Two days ago, I wrote about a hypothetical question of "bad research."
I argued that "bad research" was not necessarily an appropriate description of the specific situation described (writing a dissertation as if it had been aimed to find what was actually a post hoc discovery). I argued the point primarily from the perspective that research is essentially post hoc--that it must be if it is to have a truly open and exploratory character, and that research has no claim to purity, either from a historical analysis or a logical one (following Paul Feyerabend).
But on a related note, we also want to ask about the general question of expediency and ethics. What if it were "bad research" to present a post hoc analysis?
Each person must answer the ethical question individually, and for each of us, relativist, or absolutist, we make our decision to act according to some calculation when the situation is ambiguous. To take an extreme example, a person following an absolute moral code (e.g., "Thou shalt not kill") may still find a situation where something else is of higher moral valuation such that violating that code is morally acceptable.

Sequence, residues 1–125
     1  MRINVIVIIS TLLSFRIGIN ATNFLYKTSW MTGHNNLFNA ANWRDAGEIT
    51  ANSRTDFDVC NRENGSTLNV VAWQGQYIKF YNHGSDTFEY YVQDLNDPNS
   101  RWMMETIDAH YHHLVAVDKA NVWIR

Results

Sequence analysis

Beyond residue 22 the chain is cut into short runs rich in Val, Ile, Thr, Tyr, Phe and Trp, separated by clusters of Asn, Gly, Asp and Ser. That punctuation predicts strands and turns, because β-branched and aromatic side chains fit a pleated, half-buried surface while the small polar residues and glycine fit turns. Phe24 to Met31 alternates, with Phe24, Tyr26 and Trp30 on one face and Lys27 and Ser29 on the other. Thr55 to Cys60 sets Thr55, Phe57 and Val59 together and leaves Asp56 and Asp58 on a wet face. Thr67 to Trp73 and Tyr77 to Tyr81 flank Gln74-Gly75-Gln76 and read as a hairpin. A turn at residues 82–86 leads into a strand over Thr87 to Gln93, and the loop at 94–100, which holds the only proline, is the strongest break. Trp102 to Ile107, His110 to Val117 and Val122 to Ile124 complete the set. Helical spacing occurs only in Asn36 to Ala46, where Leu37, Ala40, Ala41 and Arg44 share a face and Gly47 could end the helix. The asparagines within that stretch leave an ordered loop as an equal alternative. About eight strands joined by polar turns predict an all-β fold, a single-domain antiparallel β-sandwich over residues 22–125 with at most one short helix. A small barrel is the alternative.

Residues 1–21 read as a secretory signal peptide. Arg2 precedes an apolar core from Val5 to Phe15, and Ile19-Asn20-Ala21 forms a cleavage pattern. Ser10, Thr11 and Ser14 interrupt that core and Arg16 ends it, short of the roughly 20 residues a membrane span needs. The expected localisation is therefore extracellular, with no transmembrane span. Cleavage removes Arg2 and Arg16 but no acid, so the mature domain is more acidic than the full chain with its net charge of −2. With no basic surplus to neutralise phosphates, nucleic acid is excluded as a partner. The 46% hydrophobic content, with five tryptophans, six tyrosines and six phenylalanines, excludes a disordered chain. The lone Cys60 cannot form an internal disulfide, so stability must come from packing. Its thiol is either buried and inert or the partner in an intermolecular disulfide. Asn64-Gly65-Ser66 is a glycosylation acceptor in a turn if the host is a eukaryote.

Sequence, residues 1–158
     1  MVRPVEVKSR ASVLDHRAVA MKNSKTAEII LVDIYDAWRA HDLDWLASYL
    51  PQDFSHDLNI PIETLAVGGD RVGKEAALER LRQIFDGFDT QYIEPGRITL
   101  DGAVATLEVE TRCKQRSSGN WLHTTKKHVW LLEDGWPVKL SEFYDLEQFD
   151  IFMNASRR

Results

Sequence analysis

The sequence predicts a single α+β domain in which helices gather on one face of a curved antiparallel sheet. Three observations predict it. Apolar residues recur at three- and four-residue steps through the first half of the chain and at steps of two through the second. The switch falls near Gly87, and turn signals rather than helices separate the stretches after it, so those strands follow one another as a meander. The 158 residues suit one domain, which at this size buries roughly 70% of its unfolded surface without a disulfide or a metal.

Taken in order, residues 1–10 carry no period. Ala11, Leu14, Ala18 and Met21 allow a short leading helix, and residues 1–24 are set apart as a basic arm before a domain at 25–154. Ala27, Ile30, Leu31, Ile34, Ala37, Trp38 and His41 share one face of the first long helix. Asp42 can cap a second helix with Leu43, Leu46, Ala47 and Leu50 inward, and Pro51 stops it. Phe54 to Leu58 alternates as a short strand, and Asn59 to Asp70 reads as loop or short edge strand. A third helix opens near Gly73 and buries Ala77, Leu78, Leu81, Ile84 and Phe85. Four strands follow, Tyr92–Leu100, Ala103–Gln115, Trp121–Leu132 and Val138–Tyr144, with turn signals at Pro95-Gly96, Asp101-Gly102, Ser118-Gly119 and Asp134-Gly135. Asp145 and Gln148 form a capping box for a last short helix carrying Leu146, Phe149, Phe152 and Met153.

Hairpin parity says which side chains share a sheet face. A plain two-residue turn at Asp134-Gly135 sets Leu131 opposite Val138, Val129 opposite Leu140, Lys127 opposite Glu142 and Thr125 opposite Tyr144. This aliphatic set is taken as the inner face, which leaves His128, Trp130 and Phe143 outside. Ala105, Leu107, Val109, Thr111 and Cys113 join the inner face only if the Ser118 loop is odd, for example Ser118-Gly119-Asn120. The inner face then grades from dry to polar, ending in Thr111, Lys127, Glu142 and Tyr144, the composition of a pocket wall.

Different acts have different values. In academia, plagiarism is a primary crime, as is inventing data or altering data to get desired results. Compared to such violations of academic ethics, even a position that holds that post hoc analysis is "bad", would not consider it a violation of research ethics on the same order of magnitude.
Balanced against these ethical issues, we need to ask also about expediency: we want to finish the project. Following the recommendations of our committee is almost always expedient (but most definitely not always), and it would be wise to follow suggestions whenever possible. One does not wish to compromise one's ethics for expediency, of course.
There's no clear answer. We each make our own answer. As a coach, I tend to lean towards expediency when matters are small. I would never recommend plagiarism or data faking as an expedient route: the potential backlash is too great; the potential for a real disaster (being kicked out of an academic program and destroying one's potential academic or professional career). But "bad research"? How highly must one balance "bad research" against expediency as an ethical issue?